Quick glance at the new MBP

We take a quick look at the MacBook Pro with retina display under Win 7.

The newly released retina-screen MacBook Pro has been an interesting product to me since it was first announced. I have long been a proponent of higher resolution screens for PCs, hoping for the lower cost screens that we are just now finding in the Korean 27-in screen market (like the Achieva Shimian we recently reviewed). When Apple announced a 15-in notebook with a screen resolution of 2880×1800, my hopes were raised that other vendors would take note and duplicate the idea – thereby lowering costs and increasing visual quality for users across the board.

While I didn’t have enough time with the retina MacBook Pro to give it a full review, I did spend an afternoon with one that had Windows 7 installed. After getting some benchmarks and games installed I thought I would report back to our readers with my thoughts and initial impressions on the laptop from a PC perspective.

The hardware inside the new retina MacBook Pro includes an Ivy Bridge Core i7-3720QM processor, NVIDIA GeForce GT 650M discrete GPU, 512GB Apple-branded solid state drive, USB 3.0, Thunderbolt and of course that impressive 2880×1800 screen.

The Core i7-3720QM is the top part from Intel on the Ivy Bridge lineup with a base clock of 2.60 GHz. The GT 650M based on the GK107 has 384 cores that run at 900 MHz and 1GB of GDDR5 memory running at 2.5 GHz. The SSD keeps the system running really quickly and getting a capacity of 512GB should mean most users can go without the need for a larger spindle-based alternative.

Under OS X, the 2880×1800 screen actually doesn’t run at that resolution – instead the screen real estate is running at either 1280×800 or 1920×1200 with double or quad per-pixel resolution. It gives the screen on the retina MacBook Pro a very “sharp” feel to it much like the third-generation iPad. Under Windows though, you CAN set it to the native resolution of 2880×1800 and the results are…impressive.

Click to Enlarge

The problem of course is that things are tiny on a 2880×1800 15-in screen – setting the screen to 1920×1200 resulted in a better experience. With that said, running at the display's native resolution with a higher DPI setting in Windows was better than I thought it would be.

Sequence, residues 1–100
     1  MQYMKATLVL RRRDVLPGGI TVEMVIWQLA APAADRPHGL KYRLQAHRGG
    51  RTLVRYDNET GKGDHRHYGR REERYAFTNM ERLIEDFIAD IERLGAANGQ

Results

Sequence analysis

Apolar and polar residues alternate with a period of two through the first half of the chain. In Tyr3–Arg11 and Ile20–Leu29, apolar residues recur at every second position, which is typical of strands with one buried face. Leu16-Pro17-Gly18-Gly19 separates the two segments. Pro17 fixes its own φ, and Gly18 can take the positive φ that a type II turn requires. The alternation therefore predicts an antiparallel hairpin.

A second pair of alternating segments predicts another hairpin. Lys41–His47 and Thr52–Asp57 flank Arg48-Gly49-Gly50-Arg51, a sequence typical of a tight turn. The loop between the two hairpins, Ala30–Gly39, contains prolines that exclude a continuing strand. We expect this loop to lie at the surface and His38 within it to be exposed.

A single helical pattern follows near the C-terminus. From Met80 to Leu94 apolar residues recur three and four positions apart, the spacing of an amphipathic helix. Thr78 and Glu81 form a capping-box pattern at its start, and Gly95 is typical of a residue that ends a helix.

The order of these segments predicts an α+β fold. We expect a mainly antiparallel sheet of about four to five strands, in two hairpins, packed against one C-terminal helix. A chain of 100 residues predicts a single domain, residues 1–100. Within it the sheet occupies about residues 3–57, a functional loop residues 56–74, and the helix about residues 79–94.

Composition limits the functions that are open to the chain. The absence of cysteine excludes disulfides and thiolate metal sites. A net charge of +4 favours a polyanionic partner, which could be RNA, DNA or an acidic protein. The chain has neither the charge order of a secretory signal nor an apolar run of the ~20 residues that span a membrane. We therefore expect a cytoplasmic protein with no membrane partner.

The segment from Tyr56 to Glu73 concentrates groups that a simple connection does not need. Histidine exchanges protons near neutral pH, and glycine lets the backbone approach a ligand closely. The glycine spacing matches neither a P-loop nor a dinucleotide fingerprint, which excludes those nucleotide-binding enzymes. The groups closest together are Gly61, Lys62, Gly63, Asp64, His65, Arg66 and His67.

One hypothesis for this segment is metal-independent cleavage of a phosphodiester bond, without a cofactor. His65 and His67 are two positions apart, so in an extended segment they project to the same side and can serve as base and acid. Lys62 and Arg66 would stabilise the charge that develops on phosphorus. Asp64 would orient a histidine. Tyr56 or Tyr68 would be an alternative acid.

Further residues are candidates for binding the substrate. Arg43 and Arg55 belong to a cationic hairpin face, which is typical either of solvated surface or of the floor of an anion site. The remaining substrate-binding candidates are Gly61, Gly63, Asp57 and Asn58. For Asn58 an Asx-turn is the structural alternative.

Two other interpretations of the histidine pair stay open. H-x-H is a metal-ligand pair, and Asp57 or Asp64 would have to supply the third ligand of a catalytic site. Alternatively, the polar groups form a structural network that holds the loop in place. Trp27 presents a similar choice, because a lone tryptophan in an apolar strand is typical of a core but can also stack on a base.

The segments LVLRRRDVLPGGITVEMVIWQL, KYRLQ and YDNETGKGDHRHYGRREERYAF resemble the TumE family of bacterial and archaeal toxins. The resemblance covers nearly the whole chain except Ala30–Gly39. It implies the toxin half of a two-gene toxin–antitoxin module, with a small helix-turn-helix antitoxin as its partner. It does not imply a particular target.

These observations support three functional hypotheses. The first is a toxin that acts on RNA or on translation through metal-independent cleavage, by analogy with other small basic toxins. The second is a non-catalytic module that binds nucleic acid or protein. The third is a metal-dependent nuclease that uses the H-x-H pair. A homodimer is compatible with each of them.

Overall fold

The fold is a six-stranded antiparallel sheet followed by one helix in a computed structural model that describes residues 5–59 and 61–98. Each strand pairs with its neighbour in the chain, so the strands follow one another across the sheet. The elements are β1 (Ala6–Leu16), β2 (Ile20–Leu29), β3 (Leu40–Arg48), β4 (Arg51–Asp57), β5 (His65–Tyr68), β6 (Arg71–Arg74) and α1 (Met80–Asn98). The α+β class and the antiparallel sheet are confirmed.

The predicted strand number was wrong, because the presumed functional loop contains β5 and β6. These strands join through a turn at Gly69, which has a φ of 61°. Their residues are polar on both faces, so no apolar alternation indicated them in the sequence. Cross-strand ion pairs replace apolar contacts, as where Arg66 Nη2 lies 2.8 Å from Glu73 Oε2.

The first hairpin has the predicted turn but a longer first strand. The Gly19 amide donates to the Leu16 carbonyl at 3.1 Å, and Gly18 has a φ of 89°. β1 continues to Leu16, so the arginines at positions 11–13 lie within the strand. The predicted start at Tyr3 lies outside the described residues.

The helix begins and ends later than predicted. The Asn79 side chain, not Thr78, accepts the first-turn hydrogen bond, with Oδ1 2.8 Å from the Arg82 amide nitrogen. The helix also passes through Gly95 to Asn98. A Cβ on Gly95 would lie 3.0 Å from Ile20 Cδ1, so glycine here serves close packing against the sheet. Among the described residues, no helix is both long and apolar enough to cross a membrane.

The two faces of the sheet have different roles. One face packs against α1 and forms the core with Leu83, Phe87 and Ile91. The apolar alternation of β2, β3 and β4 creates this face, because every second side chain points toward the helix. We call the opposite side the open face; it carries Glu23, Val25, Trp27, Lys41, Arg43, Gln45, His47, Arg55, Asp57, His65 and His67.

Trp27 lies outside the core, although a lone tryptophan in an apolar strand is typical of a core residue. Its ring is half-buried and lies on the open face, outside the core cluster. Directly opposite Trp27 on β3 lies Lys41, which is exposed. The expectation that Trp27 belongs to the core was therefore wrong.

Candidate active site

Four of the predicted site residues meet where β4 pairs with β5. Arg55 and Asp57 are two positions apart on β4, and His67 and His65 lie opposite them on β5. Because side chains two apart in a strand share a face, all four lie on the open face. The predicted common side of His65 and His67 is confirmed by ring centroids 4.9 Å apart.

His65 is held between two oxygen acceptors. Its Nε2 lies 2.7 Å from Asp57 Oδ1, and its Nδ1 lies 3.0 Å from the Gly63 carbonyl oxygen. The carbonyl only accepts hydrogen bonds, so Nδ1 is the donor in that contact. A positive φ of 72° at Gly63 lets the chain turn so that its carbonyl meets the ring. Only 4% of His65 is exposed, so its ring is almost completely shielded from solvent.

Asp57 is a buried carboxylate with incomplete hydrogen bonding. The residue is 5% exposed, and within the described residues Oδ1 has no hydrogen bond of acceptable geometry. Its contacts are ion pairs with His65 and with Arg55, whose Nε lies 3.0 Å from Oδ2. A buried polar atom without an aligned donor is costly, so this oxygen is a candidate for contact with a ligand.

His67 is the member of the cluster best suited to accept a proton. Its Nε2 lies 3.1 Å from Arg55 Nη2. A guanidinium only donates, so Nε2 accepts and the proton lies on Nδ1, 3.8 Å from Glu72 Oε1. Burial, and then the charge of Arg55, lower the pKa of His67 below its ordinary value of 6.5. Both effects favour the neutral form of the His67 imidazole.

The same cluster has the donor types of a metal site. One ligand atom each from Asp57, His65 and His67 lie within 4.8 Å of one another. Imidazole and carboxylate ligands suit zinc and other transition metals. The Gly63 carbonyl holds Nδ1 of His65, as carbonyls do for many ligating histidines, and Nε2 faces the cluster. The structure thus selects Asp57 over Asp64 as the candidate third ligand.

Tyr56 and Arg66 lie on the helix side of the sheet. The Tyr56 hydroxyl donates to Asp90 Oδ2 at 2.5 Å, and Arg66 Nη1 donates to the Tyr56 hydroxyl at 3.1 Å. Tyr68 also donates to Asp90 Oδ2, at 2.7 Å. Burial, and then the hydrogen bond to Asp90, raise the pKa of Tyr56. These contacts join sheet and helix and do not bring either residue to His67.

With this kind of resolution, it just makes sense that Apple would have chosen to use a discrete GPU rather than depend on the integrated graphics in the Ivy Bridge processor from Intel.  Under Windows, you could absolutely set the game to run at 2880×1800, though with the GT 650M that wasn’t a great idea.  But, just in case you are interested, here is a screenshot of Skyrim running at the maximum native res.

Click to Enlarge

For a more realistic measure of gaming performance, we ran the 3DMark11 benchmark under the Performance preset.

I also ran some Metro 2033 and Skyrim performance tests on the system and we were able to play both games at 1920×1200 resolution on this impressive display without much issue at High quality presets.  Given the hefty resolution, we could always use more GPU horsepower. However, for a notebook which is faster, thinner, and lighter than its predecessor the GeForce GT 650M was the perfect combination of performance and efficiency for the new retina MacBook Pro.  Overall system performance is pretty solid (as you would expect), and as always, the build quality on the Apple hardware is immaculate. 

I am hoping to get some more time with this system in the coming weeks to see how it feels over a longer period, but for now, I’ll end with photos of the screen comparing 2880×1800 to a 1920×1200 resolution. 

Click to Enlarge

Click to Enlarge